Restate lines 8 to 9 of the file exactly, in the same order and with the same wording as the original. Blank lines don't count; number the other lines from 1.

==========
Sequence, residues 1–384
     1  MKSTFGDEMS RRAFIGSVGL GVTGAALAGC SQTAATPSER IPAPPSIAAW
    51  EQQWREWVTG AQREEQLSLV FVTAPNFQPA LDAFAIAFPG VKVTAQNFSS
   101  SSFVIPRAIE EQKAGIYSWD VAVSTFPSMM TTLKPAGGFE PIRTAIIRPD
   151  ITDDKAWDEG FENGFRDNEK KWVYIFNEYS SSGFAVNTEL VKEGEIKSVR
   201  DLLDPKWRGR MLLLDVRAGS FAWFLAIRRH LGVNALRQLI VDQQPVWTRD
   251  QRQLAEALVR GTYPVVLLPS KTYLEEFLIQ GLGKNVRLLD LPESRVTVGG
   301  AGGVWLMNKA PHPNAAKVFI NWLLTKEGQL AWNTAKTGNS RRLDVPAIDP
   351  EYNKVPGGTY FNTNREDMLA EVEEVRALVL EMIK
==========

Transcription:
   301  AGGVWLMNKA PHPNAAKVFI NWLLTKEGQL AWNTAKTGNS RRLDVPAIDP
   351  EYNKVPGGTY FNTNREDMLA EVEEVRALVL EMIK